Phenom Trades Fire Up Hot Stove

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CHICAGO—Before the Royals sent Wil Myers to the Rays, none of Baseball America's Minor League Players of the Year ever had been traded before making their major league debuts.

Kansas City parted with Myers—plus three other prospects in righthander Jake Odorizzi, lefty Mike Montgomery and third baseman Patrick Leonard—to get James Shields and Wade Davis. While it was surprising to see the Royals give up one of the top three position prospects in the game, a bigger shock came two days later.

Eighteen months after drafting Trevor Bauer No. 3 overall—and six months after he became the first player from a loaded 2011 draft to reach the majors—the Diamondbacks bid goodbye to him. The Reds sent Drew Stubbs and shortstop prospect Didi Gregorius to the Indians for Shin-Soo Choo and Jason Donald, a prelude to Cleveland packaging Gregorius with Lars Anderson and Tony Sipp to get Bauer, Matt Albers and Bryan Shaw.

With pitching in such short supply throughout baseball, why did the Diamondbacks give up on Bauer so quickly?

Arizona general manager Kevin Towers' top priority this offseason was finding a long-term shortstop. He likened Gregorius to Derek Jeter, though that comparison doesn't work because Gregorius is a quality defender with a so-so bat.

Gregorius definitely projects as a regular and he hasn't turned 23 yet, so there's still time to improve at the plate after posting a .699 OPS in five minor league seasons. Yet a good-field, possible no-hit shortstop isn't much of a return for someone with No. 1 starter stuff.

Bauer's lively 92-96 mph fastball and hard curveball can be plus-plus pitches, and his splitter, slider and changeup all can be average or better.

For all his talent, though, Bauer quickly wore out his welcome in Arizona. His unorthodox training regimen and desire to call his own pitches antagonized teammates at the major and minor league levels. He frustrated the Diamondbacks with his approach, running up high pitch counts while getting overly creative with his entire arsenal rather than trying to get quick outs.

The Indians, who emptied their farm system a year ago in an ill-advised trade with the Rockies to get Ubaldo Jimenez, are the clear winners in this deal. In return for Choo, who likley would have departed as a free agent after the 2013 season, they got a possible ace and a talented if enigmatic center fielder in Stubbs.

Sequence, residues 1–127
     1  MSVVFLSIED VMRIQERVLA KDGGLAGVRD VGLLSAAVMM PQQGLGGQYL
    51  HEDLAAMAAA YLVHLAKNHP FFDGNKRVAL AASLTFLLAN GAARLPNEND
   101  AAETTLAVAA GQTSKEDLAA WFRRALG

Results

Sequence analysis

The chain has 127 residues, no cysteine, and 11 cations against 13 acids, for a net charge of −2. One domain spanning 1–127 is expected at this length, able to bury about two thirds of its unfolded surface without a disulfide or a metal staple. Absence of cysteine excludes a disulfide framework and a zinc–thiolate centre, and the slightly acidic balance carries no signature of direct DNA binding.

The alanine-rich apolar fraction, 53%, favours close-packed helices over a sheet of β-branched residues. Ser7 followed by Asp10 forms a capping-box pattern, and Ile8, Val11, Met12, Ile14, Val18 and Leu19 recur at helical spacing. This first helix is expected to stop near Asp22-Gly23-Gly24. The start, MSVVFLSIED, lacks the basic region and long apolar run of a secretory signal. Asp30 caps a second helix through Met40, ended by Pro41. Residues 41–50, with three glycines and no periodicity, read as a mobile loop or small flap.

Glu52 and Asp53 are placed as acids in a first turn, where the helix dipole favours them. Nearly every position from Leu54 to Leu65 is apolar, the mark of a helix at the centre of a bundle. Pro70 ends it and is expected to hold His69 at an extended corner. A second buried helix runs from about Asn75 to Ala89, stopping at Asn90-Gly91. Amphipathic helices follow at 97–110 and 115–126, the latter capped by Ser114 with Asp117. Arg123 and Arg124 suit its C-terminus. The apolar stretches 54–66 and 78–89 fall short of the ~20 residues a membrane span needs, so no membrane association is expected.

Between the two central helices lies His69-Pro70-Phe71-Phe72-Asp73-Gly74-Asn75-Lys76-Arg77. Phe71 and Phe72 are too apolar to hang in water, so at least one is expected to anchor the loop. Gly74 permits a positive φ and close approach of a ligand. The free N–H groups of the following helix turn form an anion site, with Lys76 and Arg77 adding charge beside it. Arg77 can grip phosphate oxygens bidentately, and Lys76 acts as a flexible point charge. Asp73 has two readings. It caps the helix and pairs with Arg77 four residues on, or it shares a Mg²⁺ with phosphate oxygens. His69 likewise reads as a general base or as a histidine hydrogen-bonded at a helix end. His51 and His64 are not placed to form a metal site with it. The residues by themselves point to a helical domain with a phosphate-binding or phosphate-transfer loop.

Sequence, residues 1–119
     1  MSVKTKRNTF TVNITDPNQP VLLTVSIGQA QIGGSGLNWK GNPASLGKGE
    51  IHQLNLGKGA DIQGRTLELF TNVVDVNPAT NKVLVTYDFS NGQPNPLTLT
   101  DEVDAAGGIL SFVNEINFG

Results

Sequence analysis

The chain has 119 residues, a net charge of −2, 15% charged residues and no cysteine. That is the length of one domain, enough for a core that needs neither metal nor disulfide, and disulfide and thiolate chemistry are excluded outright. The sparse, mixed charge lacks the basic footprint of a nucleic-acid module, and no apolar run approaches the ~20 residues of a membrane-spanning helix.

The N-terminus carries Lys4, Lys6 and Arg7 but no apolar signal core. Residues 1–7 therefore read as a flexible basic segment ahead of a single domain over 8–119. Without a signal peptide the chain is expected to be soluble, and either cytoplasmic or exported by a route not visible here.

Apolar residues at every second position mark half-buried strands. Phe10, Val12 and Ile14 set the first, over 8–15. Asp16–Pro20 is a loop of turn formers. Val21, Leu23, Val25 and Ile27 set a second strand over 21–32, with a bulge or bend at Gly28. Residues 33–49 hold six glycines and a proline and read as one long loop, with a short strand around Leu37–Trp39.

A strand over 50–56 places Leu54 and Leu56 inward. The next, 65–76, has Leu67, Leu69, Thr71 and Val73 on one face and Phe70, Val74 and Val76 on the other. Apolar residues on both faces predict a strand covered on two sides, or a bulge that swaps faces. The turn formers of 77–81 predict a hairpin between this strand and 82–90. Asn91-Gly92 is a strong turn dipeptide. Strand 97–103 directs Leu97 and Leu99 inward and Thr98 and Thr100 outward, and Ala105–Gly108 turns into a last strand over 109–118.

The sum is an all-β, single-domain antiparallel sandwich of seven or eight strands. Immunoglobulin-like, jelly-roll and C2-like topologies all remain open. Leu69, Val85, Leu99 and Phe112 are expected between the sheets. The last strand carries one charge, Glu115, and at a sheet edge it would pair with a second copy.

The deal makes sense for the Reds, too, as they get an offensive upgrade in the outfield by going from Stubbs to Choo (though they'll take a defensive hit). With Zack Cozart hitting 15 homers and playing solid defense as a rookie shortstop, Gregorius was expendable.

Bauer may be eccentric, but he's also a 21-year-old potential frontline starter who can't become a free agent for six years. The Diamondbacks didn't get enough for him.

Royals Had To Find Arms

Maybe the Royals should have talked to the Diamondbacks before paying such a steep price for Shields and Davis.

The Rays came out ahead in the deal because they got the most valuable long-term piece with Myers. The trade essentially boils down to six years of control with Myers for two years of control with Shields, with Odorizzi and Davis canceling each other out (though Tampa Bay gets three extra years of control with Odorizzi). Montgomery, who hasn't been the same since straining his forearm in early 2010, and Leonard represent lottery tickets that may or may not pay off.

It's not a terrible trade, though. While they overpaid, it's the type of deal Kansas City had to make because it has been unable to develop any starting pitching at all.

The Royals lineup features the core of a contender with Billy Butler, Alcides Escobar, Alex Gordon, Eric Hosmer, Mike Moustakas and Salvador Perez. But since Dayton Moore took over as GM in mid-2006, the organization hasn't come up with any viable pitchers. They've had high hopes for the likes of Noel Arguelles, Danny Duffy, Chris Dwyer, Luke Hochevar (drafted No. 1 overall just before Moore officially assumed the reins, and it's hard to believe Moore had no input), John Lamb and Montgomery, but they haven't been able to assemble anything close to a respectable rotation.

Whether the player-development or scouting departments (or both) are to blame, Kansas City's investments in amateur pitching haven't panned out. Moore swung a minor trade to get Ervin Santana from the Angels and re-signed free agent Jeremy Guthrie this offseason, but those moves weren't going to take the Royals back to the playoffs for the first time since winning the 1985 World Series.

If Shields and Davis can get Kansas City to the postseason—which is plausible, given the state of the American League Central—this deal will be a success. If not, the Royals will rue surrendering Myers before his big league career even began.